Archive for the 'IPY' Category

Sep 25 2007

WE ARE ALL TUVALU

Another day without a penguin dollar. One of the benefits of living without money. As world leaders gather at the United Nations for talk, more talk, there is more news about the ice.

The BBC says “Ice withdrawal ‘shatters record.'” Which means we have lost more ice than ever before:

“The National Snow and Ice Data Center (NSIDC) said the minimum extent of 4.13 million sq km (1.59 million sq miles) was reached on 16 September.

The figure shatters all previous satellite surveys, including the previous record low of 5.32 million sq km measured in 2005.

Earlier this month, it was reported that the Northwest Passage was open.”

The fabled Arctic shipping route from the Atlantic to the Pacific is normally ice-bound at some location throughout the year; but this year, ships have been able to complete an unimpeded navigation.

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East Greenland 2 – Photo, Christian Morel



Words don’t do ice justice. You have to see it the ice to understand. There are human scientists who have dedicated themselves to better understand the ice. Their project is called the International Polar Year. They have some extraordinary photographs on their website, including many by a truly gifted photographer, Christian Morel. Look. Feel. Experience. Mourn the loss of the ice.


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Antarctic Peninsula – Photo, Christian Morel


Speaking to BBC News on Monday this week, Mark Serreze, a senior research scientist at the NSIDC, said: “2005 was the previous record and what happened then had really astounded us; we had never seen anything like that, having so little sea ice at the end of summer. Then along comes 2007 and it has completely shattered that old record.”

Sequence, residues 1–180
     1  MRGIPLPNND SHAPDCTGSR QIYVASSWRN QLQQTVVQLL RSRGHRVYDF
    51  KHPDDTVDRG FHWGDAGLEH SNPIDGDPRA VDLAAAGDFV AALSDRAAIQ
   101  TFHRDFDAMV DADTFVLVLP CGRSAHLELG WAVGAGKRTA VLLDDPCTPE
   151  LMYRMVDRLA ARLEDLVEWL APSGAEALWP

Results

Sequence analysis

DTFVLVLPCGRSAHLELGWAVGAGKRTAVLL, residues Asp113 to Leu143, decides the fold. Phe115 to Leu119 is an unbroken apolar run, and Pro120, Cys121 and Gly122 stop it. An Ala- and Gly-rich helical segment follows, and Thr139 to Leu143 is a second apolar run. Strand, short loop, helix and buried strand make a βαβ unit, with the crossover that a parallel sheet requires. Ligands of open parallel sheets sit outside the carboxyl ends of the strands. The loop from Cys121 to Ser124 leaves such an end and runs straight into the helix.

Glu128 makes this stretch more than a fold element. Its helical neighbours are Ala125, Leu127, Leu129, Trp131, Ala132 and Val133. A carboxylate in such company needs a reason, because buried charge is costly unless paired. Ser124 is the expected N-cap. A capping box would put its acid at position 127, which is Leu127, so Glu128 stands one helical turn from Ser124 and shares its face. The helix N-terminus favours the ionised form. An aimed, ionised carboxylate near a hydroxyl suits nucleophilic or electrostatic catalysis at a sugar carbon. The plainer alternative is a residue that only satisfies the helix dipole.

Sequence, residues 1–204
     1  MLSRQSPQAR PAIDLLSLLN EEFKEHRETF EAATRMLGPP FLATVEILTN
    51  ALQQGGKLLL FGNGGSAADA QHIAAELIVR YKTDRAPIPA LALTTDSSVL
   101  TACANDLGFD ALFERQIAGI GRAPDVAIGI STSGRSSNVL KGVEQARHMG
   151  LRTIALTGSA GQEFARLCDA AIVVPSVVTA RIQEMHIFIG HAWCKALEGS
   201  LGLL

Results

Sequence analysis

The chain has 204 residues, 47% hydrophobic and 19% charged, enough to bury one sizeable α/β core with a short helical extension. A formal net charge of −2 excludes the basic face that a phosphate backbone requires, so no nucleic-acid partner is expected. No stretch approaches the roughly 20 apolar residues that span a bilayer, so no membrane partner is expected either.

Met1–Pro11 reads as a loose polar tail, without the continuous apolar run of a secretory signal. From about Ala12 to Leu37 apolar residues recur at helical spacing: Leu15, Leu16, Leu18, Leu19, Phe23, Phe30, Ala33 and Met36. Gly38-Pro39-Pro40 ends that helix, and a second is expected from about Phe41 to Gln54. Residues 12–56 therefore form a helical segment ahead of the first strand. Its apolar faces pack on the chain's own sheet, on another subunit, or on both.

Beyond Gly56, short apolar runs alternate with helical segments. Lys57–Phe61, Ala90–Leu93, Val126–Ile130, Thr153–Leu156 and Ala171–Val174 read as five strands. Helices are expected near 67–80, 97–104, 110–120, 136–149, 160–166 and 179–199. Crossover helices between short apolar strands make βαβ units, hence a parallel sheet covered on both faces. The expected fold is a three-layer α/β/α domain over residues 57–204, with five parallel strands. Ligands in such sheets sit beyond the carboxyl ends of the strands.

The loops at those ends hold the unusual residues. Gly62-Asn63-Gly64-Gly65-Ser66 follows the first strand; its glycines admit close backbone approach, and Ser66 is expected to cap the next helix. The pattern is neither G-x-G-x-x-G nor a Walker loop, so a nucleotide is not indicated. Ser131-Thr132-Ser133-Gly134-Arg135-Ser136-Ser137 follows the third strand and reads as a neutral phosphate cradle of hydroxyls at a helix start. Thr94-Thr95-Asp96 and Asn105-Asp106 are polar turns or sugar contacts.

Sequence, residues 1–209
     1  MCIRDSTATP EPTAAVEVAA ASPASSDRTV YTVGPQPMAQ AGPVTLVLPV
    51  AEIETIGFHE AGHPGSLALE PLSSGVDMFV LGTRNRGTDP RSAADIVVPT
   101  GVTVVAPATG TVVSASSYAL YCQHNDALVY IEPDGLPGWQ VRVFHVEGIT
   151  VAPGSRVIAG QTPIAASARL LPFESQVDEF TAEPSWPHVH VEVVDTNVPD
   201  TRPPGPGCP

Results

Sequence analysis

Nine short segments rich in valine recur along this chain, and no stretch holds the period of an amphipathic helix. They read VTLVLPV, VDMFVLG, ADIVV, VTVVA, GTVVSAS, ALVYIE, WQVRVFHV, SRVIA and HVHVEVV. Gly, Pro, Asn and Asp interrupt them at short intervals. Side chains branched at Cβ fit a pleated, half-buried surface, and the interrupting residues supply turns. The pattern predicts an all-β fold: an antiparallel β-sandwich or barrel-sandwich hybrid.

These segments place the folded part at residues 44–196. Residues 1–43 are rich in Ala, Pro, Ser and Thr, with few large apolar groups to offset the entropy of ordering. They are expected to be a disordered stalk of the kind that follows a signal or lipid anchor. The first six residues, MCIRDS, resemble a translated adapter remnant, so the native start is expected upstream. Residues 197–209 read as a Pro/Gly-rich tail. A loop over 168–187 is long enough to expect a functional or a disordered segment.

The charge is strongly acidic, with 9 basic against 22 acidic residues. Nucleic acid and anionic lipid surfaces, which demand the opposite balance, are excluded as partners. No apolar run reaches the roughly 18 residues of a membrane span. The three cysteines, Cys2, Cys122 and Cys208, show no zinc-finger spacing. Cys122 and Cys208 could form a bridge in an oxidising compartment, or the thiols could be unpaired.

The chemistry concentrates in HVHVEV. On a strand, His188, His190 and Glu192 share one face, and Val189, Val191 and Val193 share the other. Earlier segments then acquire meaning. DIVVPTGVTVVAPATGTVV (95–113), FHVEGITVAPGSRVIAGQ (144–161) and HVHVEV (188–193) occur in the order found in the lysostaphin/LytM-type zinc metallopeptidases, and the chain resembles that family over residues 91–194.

He added: “We’re on a strong spiral of decline; some would say a death spiral. I wouldn’t go that far but we’re certainly on a fast track. We know there is natural variability but the magnitude of change is too great to be caused by natural variability alone.”



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Svalbard – Photo, Christian Morel



And so what does it mean to you, this melting ice. The islanders of Tuvalu already know what is happening. Do you?

The Associated Press can help:

How would some of the United States’ best known cities look if seas rise by slightly more than 3 feet? It’s a disturbing picture.

The projections are based on coastal maps created by scientists at the University of Arizona, who relied on data from the US Geological Survey. Many scientists say sea rise of 1 meter is likely to happen within 100 years. Here is a look at what that might do:

Boston

Fourth of July celebrations wouldn’t be the same. The Esplanade, where fireworks watchers gather, would be submerged by a rising Charles River, along with the Hatch Shell where the Boston Pops stages its annual concert. Some runways at Logan International Airport will be partially covered, and the neighborhoods tourists know best would be smaller.

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Hatch Shell Boston Pops – Photo, Winslow Townsend, AP


New York